Bankruptcy & Debt Collection
An online form to submit a consumer complaint to the D.C. Office of the Attorney General. The Office of the Attorney General does not represent individual consumers; however, the information you submit will help them determine whether there is a pattern or practice by a business that warrants investigation or possible legal action.
This web site contains documents relating to: (1) home equity loans, home equity credit lines and common home equity scams, (2) high rate, high fee mortgages, (3) reverse mortgages, and (4) mortgage discrimination. You may view the documents on-line and print them out or print them in PDF format.
If you have a problem with a bank, credit card company, or other financial institution, you can file a complaint with the Consumer Financial Protection Bureau, a federal agency created in the wake of the 2008-09 financial crisis to protect consumer rights.
This FAQ provides general information about how a D.C. resident’s bankruptcy filing affects the foreclosure of homes in the District of Columbia. This FAQ does not apply to rental or investment properties or to any home that is not used as the bankruptcy filer’s primary residence.
These FAQs discuss how filing bankruptcy can impact your household utilities if you are behind on your bills.
On March 17, 2020, the United States District Court for the District of Columbia issued a standing order related to COVID-19 that covers both itself and the Bankruptcy Court. The primary points of the order are contained addressed.
Information about how to choose a trustworthy credit counseling program.
If you use credit cards, owe money on a personal loan, or are paying on a home mortgage, you are a "debtor." If you fall behind in repaying your creditors, or an error is made on your accounts, you may be contacted by a "debt collector." Many people are unable to pay their debts on time, and debt is not always within your control. A federal law, the Fair Debt Collection Practices Act, requires that debt collectors treat you fairly, and doesn't allow certain kinds of debt collection. Of course, the law does not erase any legitimate debt you owe. In addition to the federal law, D.C. has its own debt collection law, D.C. Code §28-3814.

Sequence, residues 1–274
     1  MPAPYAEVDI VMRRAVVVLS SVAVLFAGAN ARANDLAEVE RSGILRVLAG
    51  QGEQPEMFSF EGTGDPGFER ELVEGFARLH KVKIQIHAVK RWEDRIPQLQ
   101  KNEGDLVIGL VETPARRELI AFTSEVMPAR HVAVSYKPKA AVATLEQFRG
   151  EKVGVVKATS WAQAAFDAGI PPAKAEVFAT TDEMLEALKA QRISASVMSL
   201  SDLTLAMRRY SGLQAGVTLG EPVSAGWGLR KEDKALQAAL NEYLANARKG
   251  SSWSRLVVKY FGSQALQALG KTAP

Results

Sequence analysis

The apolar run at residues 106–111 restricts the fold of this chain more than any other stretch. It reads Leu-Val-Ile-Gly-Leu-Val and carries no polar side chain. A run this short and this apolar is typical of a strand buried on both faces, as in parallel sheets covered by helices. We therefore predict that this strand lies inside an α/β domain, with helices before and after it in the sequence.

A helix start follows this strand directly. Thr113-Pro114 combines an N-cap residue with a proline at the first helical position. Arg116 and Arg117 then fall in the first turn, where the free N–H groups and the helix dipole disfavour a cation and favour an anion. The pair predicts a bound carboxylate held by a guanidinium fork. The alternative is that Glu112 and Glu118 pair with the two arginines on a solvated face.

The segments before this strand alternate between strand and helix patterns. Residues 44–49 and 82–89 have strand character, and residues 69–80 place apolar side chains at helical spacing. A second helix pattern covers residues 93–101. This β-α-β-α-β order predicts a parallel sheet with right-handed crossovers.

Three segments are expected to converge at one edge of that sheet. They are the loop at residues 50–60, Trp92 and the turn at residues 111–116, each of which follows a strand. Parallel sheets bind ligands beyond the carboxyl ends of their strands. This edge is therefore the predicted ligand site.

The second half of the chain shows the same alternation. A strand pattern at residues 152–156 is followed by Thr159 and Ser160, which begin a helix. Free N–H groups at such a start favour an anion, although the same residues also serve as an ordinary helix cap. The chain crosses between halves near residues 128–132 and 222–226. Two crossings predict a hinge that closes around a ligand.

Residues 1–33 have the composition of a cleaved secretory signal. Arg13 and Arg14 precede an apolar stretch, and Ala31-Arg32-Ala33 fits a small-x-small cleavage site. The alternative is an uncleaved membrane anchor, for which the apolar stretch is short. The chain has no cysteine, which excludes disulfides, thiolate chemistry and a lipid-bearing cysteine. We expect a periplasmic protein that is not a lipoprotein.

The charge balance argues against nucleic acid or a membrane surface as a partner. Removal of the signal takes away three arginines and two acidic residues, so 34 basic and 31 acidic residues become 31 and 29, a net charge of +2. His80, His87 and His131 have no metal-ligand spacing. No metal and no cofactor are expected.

Brief information on obtaining benefits and step-by-step information on how to protect your benefits from creditors.
A reverse mortgage is a loan against your home that you do not have to pay back for as long as you live in your home. With a reverse mortgage, you can turn the value of your home into cash and not have to make monthly repayments. The total loan must be paid back when the last surviving borrower dies, sells the home, or permanently moves away. Reverse mortgages are quite a bit different from other types of debt. These loans can be complicated, and you have a lot at stake. So be sure to investigate reverse mortgages carefully before deciding if one makes sense for you.